Health effects

Most of the exhaust pipe gas emissions emitted by transportation navigation in Tehran, have a large number of adverse health effects including deaths in human population level. In order to evaluate the effects of motor vehicle pollutants on respiratory and cardiovascular system including cancer deaths, a multiple regression model with all the input variables were applied and the results are shown in Table 5. The following are the variables used in multiple regression model Impact:

Total number of Respiratory, Cardiovascular systems, and Cancer deaths, (RCC) as dependent variable in Tehran (deaths related to air pollution).

CH, C, and Np are used as independent variables:

a)Impact = Total number of RCC deaths in Tehran.

b)0.01 level correlation is considered as significant. According to the modeling results presented in Table 5, it is evident that increase in pollutants concentration and human population results in more human deaths due to vehicular air pollution. As the result show, one unit increase in concentration of pollutants, the air pollution related deaths increases up-to 0.113 unit.

Deaths related to the concentration of pollutants (μg/m3) are calculated as follows:

Impact (Human Loss of Life) = -23074.051-0.101(CH) + 0.113(C) + 3.408× 10-3 (Np) (3)

It is obvious that there are many other variables which were ignored in this investigation and this research is focused on the three mentioned variables.

Figure 5 shows the relationship between air pollution deaths and concentration of pollutants, (μg/m 3 ).

Data of all the above models were analyzed by the Software package called Statistical Package for Social Sciences (SPSS) and the ENTER method from multiple regression model was chosen for the analysis of multiple regression data (Kazemnejad, 2001).

From the analysis of the above models, It is evident that vehicle-speed in the tonnage equation and wind-speed in the concentration equation and concentration itself in air pollution related deaths equation are very sensitive, and in designing and programming for air quality improvement the three mentioned parameters should be taken into account.

Economic costs of air pollution (Economic sensitivity)

Economic analysis of air pollution is not a simple task. There are many important variables and their quantification is very difficult, however with increase in air pollution control, the cost of technology for air pollution control also increases and as control increase, the damage resulting from air pollution is reduced.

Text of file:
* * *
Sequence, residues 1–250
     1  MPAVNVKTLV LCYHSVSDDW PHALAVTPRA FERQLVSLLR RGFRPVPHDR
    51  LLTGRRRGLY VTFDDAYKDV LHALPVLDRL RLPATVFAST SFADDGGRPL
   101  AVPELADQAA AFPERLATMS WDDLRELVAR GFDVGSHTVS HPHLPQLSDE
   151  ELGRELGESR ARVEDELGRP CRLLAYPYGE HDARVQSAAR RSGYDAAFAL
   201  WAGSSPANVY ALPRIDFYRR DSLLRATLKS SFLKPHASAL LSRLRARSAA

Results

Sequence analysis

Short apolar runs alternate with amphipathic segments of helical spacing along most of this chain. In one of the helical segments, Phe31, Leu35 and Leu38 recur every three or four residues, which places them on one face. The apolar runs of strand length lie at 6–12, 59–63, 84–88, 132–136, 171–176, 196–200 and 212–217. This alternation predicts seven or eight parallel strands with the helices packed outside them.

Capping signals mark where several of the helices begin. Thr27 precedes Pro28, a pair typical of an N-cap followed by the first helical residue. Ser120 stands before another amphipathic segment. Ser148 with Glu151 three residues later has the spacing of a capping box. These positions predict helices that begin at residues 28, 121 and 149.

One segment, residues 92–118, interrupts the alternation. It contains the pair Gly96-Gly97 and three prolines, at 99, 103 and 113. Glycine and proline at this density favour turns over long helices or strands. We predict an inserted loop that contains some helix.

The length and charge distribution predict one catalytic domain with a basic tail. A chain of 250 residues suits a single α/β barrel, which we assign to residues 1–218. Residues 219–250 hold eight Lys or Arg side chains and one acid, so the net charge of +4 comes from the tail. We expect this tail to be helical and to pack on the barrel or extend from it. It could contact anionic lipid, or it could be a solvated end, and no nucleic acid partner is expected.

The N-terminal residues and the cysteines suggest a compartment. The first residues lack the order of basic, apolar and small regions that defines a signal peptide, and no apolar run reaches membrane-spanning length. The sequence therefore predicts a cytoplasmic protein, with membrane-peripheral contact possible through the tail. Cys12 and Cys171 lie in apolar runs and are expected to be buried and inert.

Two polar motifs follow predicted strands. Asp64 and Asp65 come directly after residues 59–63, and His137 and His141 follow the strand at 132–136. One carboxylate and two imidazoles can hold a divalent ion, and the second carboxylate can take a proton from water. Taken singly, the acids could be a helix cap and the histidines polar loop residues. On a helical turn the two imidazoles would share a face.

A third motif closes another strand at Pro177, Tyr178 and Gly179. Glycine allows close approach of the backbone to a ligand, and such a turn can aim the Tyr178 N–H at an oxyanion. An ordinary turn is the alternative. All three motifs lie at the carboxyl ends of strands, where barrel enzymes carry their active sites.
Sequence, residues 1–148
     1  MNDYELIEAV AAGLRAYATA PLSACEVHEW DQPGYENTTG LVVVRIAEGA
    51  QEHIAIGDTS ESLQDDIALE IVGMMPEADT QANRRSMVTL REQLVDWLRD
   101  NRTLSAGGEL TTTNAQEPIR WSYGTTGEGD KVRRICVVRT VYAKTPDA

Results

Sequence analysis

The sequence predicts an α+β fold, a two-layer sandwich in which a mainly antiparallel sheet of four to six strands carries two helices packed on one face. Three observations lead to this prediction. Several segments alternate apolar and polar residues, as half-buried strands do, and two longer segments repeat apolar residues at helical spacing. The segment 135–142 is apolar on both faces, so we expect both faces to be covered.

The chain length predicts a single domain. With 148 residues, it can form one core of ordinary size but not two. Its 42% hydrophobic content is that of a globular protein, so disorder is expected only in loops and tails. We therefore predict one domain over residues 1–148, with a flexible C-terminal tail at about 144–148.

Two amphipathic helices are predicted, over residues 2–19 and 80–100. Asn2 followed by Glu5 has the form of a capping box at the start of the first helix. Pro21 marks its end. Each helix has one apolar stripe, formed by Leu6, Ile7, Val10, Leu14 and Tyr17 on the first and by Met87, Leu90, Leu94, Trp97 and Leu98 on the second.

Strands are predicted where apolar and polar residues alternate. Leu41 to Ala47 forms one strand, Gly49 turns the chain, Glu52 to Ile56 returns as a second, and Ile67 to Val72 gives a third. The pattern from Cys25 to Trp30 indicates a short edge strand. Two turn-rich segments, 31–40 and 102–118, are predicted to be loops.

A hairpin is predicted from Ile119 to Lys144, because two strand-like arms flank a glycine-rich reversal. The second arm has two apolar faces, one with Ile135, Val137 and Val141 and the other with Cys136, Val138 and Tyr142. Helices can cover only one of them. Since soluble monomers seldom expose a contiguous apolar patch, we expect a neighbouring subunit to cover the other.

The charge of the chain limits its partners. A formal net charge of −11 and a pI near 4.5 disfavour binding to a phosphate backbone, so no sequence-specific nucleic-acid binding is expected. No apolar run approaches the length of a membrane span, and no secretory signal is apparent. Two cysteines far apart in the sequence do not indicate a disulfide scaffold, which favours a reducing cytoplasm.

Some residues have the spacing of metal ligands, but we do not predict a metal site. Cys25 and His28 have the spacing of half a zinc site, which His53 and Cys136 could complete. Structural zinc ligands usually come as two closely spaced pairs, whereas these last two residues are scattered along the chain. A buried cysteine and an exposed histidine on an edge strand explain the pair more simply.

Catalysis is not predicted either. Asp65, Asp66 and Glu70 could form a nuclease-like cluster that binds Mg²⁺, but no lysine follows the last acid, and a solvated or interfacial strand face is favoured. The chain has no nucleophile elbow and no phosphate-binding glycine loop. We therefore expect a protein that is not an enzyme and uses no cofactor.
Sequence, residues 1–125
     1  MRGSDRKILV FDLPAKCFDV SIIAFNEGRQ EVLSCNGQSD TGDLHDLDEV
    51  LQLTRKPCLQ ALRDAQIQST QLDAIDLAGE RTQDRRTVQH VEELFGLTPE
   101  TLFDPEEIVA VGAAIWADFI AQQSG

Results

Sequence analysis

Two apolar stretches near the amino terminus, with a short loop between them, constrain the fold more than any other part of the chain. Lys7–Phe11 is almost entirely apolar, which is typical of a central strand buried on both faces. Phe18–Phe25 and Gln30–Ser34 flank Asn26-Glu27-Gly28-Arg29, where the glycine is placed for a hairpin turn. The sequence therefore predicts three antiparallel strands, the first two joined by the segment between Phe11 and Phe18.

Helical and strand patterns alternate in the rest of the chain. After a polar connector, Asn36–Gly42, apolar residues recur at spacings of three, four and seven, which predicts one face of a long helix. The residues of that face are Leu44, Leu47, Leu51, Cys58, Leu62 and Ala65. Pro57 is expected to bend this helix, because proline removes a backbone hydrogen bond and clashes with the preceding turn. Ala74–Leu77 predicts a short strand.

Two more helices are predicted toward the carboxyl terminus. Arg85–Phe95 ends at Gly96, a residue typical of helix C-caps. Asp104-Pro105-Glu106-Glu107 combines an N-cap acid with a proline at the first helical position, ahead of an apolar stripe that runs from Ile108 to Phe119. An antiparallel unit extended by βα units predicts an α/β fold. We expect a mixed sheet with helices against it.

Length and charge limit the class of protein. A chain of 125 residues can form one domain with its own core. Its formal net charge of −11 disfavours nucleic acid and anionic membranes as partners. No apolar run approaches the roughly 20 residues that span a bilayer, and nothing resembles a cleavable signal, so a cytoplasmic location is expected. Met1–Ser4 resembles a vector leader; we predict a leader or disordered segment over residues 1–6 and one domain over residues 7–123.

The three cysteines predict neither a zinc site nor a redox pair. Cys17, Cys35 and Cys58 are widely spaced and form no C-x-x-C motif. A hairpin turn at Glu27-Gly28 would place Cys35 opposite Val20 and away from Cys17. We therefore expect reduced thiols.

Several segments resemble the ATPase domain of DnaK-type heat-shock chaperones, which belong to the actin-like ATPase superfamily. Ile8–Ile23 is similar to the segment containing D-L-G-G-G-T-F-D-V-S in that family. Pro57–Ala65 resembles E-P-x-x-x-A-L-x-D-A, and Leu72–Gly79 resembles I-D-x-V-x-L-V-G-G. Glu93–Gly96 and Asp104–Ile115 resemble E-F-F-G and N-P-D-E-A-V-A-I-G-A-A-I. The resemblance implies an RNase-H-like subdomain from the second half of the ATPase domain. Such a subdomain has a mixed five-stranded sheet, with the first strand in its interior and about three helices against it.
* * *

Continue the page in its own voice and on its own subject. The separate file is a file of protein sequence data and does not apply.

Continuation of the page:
The total costs of air pollution is the sum of costs to air pollution control and the loss from direct and indirect pollution damages. It is evident that old and poorly maintained vehicles are responsible for much of pollution damage in Tehran.

Therefore, the cost breakdown of this part is presented as follow: Number of old and poorly maintained vehicles

Old vehicle population during 2000-2001 in Tehran is phenomenal: Reaching 476100 vehicles (SAPCO,1998). It is expected that the old vehicle fleet to grow by about 15 percent annually in Tehran. The above mentioned vehicles consume about 4 million liters of gasoline in addition to their normal daily consumption, therefore, Tehran losses about $192 millions resulting from gasoline overuse, (pajohi, 1998) in a year and experts say (Soltanieh, 2002) that the cost of annual gasoline evaporative loss from petrol stations is estimated to be $125 millions.(%10 evaporative loss). (world price of 100 liter of petrol is estimated to be $ 16, and annual old vehicles working days = 300 days).

Costs of Tehran’s vehicular air pollution reduction

In 1999 Department of Environment of Islamic Republic of Iran announced that the cost of Tehran’s Air Quality improvement is estimated to be $ 1.9 billion (DOE,1999) in a 10 year plan.

Costs of human –illness due to air pollution

According to statistics available (Iran Statistics Center), the total number of people visiting hospitals in Tehran is estimated to be 4,766,892 in 1998. People visit hospitals due to air pollution is estimated to be %43 (Bowen, 1970) and the cost of medical treatment is $ 1.875 per person, hence damage resulting from the above visit is calculated as follows:

Where

A = No of people visited hospitals.
B = Medical Treatment Cost.
C = Percentage of people who visit hospitals due to air pollution

Cost of life-saving

Available statistics (Behesht, Zahra Org.1998) indicate that, the total deaths in Tehran is estimated to be 41777 in 1998.It is estimated that air pollution contribute to as many as 1 in 17 deaths(Brown, 1991). Deaths related to air pollution in Tehran is estimated to be 5.7 percent(calculated from the impact equation, Table 5 of this paper) of all deaths in the same year. To save the life, people are willing to pay $ 32000 (value obtained from 1979 study) per life saved (Schwing, 1979). According to the socio-economic fundamentals of Islam (Davani, 1996) the value of life (willingness to pay) in the Islamic Republic of Iran is estimated to be $ 16875 based on 2001 study The following calculations determine the cost of life-saving in Tehran.